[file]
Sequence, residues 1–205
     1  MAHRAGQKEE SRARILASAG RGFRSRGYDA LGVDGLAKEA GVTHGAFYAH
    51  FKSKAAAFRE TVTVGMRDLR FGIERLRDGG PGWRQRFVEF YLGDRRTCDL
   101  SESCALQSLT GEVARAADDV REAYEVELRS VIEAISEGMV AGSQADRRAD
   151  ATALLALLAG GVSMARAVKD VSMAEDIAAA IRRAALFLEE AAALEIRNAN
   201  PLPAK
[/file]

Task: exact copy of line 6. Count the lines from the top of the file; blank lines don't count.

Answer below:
   201  PLPAK